All that aside there are growing niche high value commenting services. One such is in reputation management. Granted most are part of a service from SEO or broader Rep Man companies but there are specialist contractors out there. Note the difference - this is commenting without reference to PR or necessarily even to links. Quality and message and finding the best message outlets in a timely and co-ordinated manner are key. Sort of a specialised copywriter.

One last comment - by needing to ask an appropriate price to charge implies no business plan, no business model, no marketing plan, no revenue plan, and so no foundation for formulating pricing costs, which bodes ill for success.

#19 jonbey

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Posted 04 May 2009 - 04:07 AM

I would never pay for this service for one simple reason. A couple of years ago I set up an experimental Pligg site. One day I got a Google alert for it, and it was on a list of sites that someone was stating that they could place links on for SEO purposed (the advert was in eBay of all places!). What I am saying, is that many people (not necessarily you) will place links in places that they know they can get easy links. These often have no value, some may even be relatively short lived (my story sharing site was closed shortly after the ad due to all the spam - 28,000 accounts all dropping one link each!).

I think that a lot of people know follow the rule that to do link building right, you are best of doing it yourself, or getting someone you really trust today help out (in office etc). I agree with the idea of adding it as a mini service for clients, as if you boost their own sites a little, they are more likely to recommend you to other people.

#20 razsports

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Posted 05 May 2009 - 11:58 AM

Hello everyone,

Thank you all for your feedback. I greatly appreciate it. I will say this, I agree with most of the advice that has been given. Also, I am against spam. I do not sell links, page rank and etc. As I said earlier in my discussion, I do not believe in the 500 web directory submission.

Finally, I had a potential client ask me to submit his link to 100 blogs. I refused and told him I can't do that. First, it would not look nature for link building.Second, I refuse to add his link to blogs that are unrelated, out dated or full of crap. Finally, as I said over and over again, I actually read blog articles and look for spam.

#21 glyn

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Posted 05 May 2009 - 01:09 PM

Let's open a tin and see what wriggles out.

The blog commenting thing can be a useful strategy, when takes as part of a bigger whole, to get exposure and links towards a domain. I've got some tools that will rip through the web at a frightening rate and do actually bring me measurable links inbound, you've got a lovely comment plugin for Firefox that can really accelerate the process but you really need to be ethical in your approach. It's like all this link building stuff, done badly it doesnt' work, done well it does, and who said you can't be interested in blogs that hit your topic area. What I'm not into is the blatant comment spamming that goes on in the inbound-link schizophrenia that is going on. Thank goodness patches have closed down this kind of autospamming.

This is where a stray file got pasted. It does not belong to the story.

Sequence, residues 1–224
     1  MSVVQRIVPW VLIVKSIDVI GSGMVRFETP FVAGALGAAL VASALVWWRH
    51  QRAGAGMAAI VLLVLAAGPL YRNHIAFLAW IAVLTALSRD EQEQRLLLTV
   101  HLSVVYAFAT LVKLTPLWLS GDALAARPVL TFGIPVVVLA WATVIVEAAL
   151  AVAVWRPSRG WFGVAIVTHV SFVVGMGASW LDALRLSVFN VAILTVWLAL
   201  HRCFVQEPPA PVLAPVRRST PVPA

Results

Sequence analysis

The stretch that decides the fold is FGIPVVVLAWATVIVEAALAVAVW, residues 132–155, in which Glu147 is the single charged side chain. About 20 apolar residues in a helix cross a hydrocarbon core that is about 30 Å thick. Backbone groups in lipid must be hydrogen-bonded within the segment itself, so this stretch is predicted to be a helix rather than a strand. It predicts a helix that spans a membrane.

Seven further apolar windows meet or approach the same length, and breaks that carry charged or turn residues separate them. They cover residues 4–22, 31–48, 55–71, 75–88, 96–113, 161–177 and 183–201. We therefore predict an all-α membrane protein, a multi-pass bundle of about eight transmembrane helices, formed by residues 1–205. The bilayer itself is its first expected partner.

Back to where we are. I'd never think about doing some kind of service based solely on getting blog comments, although I'm sure if you went looking on some of the mechanical turk platforms you could find someone that's doing that kind of service. Rather that Black Hat merges with the White to bring some very interesting approaches that can be used ethically and with great results. Auto-Optimizing websites. I just love those :)

I only really use this stuff on my own web-properties, to drop a comment is a personal thing, and you're not a spokesperson for the company, so what right do you have to leave a comment.

Glyn.

#22 jonbey

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Posted 05 May 2009 - 05:19 PM

I really think that if you are specialising in a particular field, and have the time to thoroughly read a post and then write an informative comment that adds value, then you probably have time to write a short article and share it on a bunch of article sharing sites. Then there is a chance that this one piece of work by you is placed on many more websites. For me, as with Glyn, comments are a personal thing, and generally added as a whim more than anything. I have made some comments in the past that have brought a little bit of traffic, but never as much traffic as actually writing my own articles.

#23 razsports

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Posted 06 May 2009 - 11:22 AM

Hi jonbey,


I agree that articles should be written.I've spent plenty of my time writing articles.